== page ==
Column: Healing should look at the mind, body and spirit

Published 12:00 am Tuesday, June 5, 2001

This spring I read The Spirit Catches You and You Fall Down by Anne Fadiman.

Tuesday, June 05, 2001

This spring I read The Spirit Catches You and You Fall Down by Anne Fadiman. It’s a book about the Hmong and their struggles with the American medical establishment. Everybody loved the girl named Lia Lee and wanted to help her get better, but because of communication problems, conflict between cultures, different ideas about using medicine to treat disease, and just plain bad luck she will never grow up. Lia suffered from a very severe case of epilepsy, which the Hmong call the time when &uot;the spirit catches you and you fall down.&uot; She finally suffered a massive seizure which destroyed most of her brain and left her a complete &uot;vegetable&uot; who eats and breathes, but does little else.

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A lot of people, both Hmong and American, continue to ask themselves what they could have done differently. They go over their decisions, looking for clues they should have seen, mistakes they made, information they misinterpreted. Ms. Fadiman stills pulls out the tape recordings she made, listening to the musical voices of Lia’s parents and the clear, even voices of the doctors and nurses. But Ms. Fadiman makes clear that even with 20/20 hindsight, an easy solution to the medical crisis Lia was undergoing is not apparent. All we are left with is a bunch of &uot;what ifs&uot; and &uot;might have beens.&uot;

Conflicts between doctors and patients who come from cultures outside the mainstream are not unknown and took place even before the Hmong came here from Laos starting in the 1970s. But the Hmong were different. Because of their culture and history, they arrived resistant to assimilation and with an intact sense of who they were. The Hmong are not opposed to modern medical care, but they place limits on its effectiveness. For them, there is no clear distinction between the physical and spiritual basis for disease. Cancer can be treated in hospitals, but according to Hmong tradition doctors only heal part of the illness. The rest of the problem concerns the soul of the patient and can only be treated through prayer, sacrifice and the intervention of spirits.

As I read the book, I found myself thinking about my own beliefs about medicine, disease and health. How far outside the &uot;mainstream&uot; am I when it comes to acceptance of modern medical procedures, technologies and attitudes? As a Christian, I believe in prayer, even if real miracles are rare. But the efficacy of prayer is hard to document in a research lab. Am I, like the Hmong, willing to turn to the &uot;spirit world&uot; when I pray for healing? Will it look like I’m doing that if I talk to my doctor about it? Medical decisions about the care of children, both born and unborn, make things even more complicated. With the human genome mapped out, how long before doctors begin using that knowledge to deal with illnesses like sickle-cell anemia or down syndrome? Will refusing to submit to DNA therapy for a fetus be seen as non-compliant? As outside the mainstream?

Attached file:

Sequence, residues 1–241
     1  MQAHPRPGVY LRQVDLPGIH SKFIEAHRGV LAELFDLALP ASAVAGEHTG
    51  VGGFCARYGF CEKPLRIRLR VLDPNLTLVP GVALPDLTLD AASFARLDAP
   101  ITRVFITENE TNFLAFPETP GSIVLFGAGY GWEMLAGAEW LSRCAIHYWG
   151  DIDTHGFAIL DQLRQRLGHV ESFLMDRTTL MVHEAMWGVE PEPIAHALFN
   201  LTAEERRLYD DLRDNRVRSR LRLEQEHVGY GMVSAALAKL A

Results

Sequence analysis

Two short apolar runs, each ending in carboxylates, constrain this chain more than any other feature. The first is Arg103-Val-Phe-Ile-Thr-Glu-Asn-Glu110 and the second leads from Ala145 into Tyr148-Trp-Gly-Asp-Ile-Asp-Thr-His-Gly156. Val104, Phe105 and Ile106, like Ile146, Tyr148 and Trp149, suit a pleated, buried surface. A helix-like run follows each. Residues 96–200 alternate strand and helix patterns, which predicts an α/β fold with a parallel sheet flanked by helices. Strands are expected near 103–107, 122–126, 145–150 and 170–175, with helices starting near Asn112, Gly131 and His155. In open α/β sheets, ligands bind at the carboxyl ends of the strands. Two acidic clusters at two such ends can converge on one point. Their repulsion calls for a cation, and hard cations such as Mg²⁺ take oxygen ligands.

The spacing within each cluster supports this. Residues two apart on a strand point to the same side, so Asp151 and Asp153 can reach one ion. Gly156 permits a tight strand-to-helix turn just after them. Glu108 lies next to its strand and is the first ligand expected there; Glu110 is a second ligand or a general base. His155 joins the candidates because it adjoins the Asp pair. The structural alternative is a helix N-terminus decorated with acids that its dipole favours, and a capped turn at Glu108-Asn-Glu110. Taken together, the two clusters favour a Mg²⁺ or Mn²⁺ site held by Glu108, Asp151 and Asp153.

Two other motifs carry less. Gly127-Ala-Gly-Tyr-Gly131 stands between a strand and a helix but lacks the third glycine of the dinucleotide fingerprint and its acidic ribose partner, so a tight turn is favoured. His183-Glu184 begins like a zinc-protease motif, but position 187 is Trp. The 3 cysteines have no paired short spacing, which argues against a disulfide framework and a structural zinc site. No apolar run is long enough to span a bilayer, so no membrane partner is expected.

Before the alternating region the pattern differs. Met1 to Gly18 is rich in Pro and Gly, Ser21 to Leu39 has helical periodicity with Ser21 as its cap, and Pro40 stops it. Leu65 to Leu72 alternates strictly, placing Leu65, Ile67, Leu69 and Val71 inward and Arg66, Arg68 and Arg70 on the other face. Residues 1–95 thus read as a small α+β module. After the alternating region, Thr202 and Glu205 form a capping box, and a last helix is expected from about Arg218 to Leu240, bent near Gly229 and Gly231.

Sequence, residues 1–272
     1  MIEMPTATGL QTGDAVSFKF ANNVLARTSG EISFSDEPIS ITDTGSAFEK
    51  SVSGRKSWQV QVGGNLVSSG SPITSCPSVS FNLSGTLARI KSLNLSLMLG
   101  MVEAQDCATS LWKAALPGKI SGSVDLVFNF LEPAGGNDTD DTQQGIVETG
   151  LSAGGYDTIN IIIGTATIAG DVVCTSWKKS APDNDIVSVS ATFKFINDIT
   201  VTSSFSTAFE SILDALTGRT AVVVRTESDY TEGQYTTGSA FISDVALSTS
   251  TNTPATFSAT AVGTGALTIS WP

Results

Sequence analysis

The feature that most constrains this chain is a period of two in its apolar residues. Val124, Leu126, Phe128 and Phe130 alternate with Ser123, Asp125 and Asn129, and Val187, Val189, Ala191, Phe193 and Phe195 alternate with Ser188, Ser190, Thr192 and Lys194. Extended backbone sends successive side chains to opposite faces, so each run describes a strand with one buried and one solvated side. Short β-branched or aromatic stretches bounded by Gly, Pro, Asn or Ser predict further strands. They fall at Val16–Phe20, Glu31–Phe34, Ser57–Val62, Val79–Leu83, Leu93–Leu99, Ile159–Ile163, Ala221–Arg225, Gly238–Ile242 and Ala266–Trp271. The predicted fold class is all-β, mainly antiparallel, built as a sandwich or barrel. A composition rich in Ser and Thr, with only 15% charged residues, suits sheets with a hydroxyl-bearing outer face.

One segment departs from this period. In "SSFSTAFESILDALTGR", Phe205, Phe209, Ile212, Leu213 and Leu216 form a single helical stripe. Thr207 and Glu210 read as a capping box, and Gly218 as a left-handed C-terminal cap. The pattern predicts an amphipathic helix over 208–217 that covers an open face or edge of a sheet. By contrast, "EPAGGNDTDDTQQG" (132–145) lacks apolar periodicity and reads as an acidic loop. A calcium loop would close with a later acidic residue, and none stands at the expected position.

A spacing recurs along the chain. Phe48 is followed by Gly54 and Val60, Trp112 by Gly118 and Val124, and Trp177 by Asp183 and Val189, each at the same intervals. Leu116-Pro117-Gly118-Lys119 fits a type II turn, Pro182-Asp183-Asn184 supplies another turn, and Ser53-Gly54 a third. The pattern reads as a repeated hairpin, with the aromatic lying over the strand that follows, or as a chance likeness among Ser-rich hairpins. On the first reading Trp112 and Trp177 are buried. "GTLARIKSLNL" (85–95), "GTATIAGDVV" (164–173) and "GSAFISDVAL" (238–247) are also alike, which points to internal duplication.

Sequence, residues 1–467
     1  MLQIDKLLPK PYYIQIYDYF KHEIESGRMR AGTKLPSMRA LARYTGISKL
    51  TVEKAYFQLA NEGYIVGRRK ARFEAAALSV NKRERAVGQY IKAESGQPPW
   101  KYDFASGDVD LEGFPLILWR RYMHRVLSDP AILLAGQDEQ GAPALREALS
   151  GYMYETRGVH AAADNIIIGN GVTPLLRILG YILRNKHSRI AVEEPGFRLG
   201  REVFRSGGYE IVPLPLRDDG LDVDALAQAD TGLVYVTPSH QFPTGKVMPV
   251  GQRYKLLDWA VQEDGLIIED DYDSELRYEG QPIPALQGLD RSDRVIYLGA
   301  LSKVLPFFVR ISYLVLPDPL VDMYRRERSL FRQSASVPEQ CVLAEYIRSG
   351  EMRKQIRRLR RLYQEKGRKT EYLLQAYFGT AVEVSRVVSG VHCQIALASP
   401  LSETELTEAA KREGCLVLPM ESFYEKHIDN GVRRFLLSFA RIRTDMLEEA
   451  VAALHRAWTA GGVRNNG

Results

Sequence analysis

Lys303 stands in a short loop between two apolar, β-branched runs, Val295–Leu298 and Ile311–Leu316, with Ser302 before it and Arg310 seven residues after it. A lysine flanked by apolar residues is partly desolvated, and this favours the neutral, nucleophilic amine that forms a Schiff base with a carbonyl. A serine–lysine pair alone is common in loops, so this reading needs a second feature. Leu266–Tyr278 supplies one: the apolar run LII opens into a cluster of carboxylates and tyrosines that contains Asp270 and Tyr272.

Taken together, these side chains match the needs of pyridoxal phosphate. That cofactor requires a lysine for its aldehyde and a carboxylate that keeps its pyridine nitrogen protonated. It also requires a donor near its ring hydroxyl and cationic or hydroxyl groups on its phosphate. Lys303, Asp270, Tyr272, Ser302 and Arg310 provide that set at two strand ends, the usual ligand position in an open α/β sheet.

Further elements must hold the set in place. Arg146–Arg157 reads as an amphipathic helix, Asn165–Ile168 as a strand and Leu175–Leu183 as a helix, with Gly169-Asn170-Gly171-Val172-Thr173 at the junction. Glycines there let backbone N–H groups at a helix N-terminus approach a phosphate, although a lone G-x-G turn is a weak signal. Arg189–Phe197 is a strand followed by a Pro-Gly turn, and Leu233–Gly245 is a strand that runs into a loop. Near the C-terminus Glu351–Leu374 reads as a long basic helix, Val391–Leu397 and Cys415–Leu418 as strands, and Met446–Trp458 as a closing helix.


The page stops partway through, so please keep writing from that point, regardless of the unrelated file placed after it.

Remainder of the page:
What I also noticed as I read the book was the resistance to alternative perspectives on healing and disease among medical professionals. &uot;It’s our way or no way,&uot; is part of Lia’s story. It’s one I’ve seen in my own life, too. Don’t get me wrong, I’ve observed a commitment to healing in the doctors I’ve met. But I also don’t see why I should turn into a passive pile of flesh in their presence. Medical care should be holistic, looking at the patient’s body, beliefs and lifestyle, the way that the Hmong do. People need to be treated as more than just a disease or condition. We need to be treated with respect and given the information we need to make informed choices about our medical care.

Doctors need to be partners in the medical care of children, and resist the impulse to take over when it comes to decisions about treatments or therapies. Parents need to listen carefully and learn to ask questions when we don’t understand, because sometimes we are making choices that lead to life or death for our children. And if we choose options that seem the least effective from the doctor’s perspective we need to understand that, but our decision also needs to be respected as the one that is right for our family. Having a difference of opinion about medical treatment does not make parents or doctors monsters.


David Behling is a rural Albert Lea resident. His column appears Tuesdays.